Abe’s third defense minister Masahiko Komura was a solid choice. He was a senior party official with a good track record as minister of foreign affairs and minister of justice. Komura was also ideologically compatible with the prime minister and commanded respect as a foreign policy expert at home and abroad.

But Komura barely had a chance to order any business cards before Abe’s leadership collapsed. Abe resigned in shame after the opposition took control of the upper house of the Diet in September 2007. New prime minister Yasuo Fukuda moved Komura from Ichigaya back to the foreign ministry—he was the shortest-term defense minister to this day.

From left to right—Ogiyoshisan, International Students’ Committee and U.S. Department of Defense photos.

Fighting for control

Prime Minister Fukuda appointed Shigeru Ishiba in Komura’s place. Ishiba was a natural choice for the position. He was a self-confessed military geek who had headed the Defense Agency for two years under Prime Minister Jun’ichiro Koizumi.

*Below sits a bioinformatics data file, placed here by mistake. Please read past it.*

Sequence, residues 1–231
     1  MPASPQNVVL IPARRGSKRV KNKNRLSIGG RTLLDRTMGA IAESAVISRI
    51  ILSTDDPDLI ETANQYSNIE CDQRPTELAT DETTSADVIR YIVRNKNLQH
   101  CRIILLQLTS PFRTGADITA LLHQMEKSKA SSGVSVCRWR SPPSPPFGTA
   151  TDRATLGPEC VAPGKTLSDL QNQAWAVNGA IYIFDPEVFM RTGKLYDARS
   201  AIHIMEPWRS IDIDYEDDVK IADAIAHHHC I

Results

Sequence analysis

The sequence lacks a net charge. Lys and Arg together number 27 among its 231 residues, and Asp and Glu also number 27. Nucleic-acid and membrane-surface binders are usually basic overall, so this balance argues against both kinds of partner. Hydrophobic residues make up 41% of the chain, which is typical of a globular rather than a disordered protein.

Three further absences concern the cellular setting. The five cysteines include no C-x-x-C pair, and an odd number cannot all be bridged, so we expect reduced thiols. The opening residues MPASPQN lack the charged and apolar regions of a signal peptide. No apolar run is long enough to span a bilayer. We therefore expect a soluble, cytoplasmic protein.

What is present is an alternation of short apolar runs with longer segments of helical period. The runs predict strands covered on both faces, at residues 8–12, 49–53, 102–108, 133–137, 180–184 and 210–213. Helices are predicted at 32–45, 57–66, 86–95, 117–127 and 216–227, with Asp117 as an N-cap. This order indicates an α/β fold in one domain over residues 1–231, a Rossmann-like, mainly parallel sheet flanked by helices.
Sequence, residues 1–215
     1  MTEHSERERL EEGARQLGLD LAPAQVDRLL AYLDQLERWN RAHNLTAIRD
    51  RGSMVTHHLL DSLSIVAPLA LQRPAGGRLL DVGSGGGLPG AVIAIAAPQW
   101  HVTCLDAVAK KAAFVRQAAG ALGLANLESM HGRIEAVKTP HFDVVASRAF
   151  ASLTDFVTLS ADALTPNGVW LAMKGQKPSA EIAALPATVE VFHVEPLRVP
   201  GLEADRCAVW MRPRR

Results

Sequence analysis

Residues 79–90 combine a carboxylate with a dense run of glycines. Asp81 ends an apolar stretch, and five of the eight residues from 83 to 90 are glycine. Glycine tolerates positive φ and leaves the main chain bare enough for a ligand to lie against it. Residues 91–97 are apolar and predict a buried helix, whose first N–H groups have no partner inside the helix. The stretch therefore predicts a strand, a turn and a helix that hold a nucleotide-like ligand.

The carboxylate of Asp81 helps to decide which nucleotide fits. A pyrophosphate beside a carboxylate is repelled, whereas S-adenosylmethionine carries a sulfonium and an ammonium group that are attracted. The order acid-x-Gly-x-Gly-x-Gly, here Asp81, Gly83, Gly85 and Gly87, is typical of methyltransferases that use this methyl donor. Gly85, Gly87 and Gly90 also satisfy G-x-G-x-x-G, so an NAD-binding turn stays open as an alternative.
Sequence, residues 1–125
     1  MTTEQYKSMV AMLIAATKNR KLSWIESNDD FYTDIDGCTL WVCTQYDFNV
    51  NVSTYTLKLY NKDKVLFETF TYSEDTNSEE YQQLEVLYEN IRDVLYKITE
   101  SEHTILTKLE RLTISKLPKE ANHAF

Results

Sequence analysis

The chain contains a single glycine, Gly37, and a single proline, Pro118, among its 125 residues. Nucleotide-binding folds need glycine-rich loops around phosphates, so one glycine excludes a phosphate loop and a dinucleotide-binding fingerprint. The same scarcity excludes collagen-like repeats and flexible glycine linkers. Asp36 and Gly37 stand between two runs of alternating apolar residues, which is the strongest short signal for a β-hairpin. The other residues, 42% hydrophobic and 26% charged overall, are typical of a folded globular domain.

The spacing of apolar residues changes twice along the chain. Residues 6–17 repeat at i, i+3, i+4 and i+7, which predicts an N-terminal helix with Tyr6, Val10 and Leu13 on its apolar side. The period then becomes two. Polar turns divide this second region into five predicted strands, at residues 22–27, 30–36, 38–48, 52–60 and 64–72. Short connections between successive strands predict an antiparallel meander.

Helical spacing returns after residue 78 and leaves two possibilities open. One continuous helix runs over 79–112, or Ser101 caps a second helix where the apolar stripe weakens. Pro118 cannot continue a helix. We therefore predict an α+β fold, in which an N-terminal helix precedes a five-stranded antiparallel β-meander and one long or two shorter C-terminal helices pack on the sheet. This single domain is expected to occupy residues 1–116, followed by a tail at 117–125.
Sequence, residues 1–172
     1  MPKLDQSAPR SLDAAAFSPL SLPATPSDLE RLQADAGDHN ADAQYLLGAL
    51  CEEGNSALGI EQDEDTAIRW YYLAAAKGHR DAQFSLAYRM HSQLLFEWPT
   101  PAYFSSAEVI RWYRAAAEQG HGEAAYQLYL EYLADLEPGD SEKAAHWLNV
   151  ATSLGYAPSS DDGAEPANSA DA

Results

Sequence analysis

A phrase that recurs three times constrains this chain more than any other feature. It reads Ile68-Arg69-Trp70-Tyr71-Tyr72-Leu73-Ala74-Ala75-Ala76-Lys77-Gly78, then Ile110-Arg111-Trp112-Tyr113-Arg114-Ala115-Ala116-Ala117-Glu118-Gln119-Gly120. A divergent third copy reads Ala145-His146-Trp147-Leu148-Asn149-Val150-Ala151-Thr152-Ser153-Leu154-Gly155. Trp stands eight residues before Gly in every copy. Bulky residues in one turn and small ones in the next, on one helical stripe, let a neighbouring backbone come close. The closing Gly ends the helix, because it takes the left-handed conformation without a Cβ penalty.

He was—and remains—powerful in the party and popular with the public.

Fukuda needed someone in Ichigaya who could get the Diet to pass the extension of the naval refueling mission in the Indian Ocean. Ishiba was a perfect fit for the job. Ishiba had headed the Defense Agency during the first extension of the mission back in October 2003, so he was thoroughly versed in the issues.

But the Diet had changed significantly since 2003.

Ishiba faced the most powerful political opposition since World War II. In November 2007, the upper house blocked the extension effort and allowed the law governing the refueling mission to expire.

Fukuda didn’t let that decision rest. With much pressure from the U.S. and brute-force by the ruling coalition, the cabinet pushed through a new law in January 2008 to revive the refueling operation.

Reform was another pressing issue for Ishiba. Throughout his tenure, he actively argued for changes to the internal structure of the ministry. Ishiba wanted to reduce the number of administrative bureaus in the ministry and bring military personnel into the civilian structure.

Bureaucrats, politicians and service-members all criticized his plans. The ministry risked losing people, money and maybe even civilian control over the Self-Defense Forces.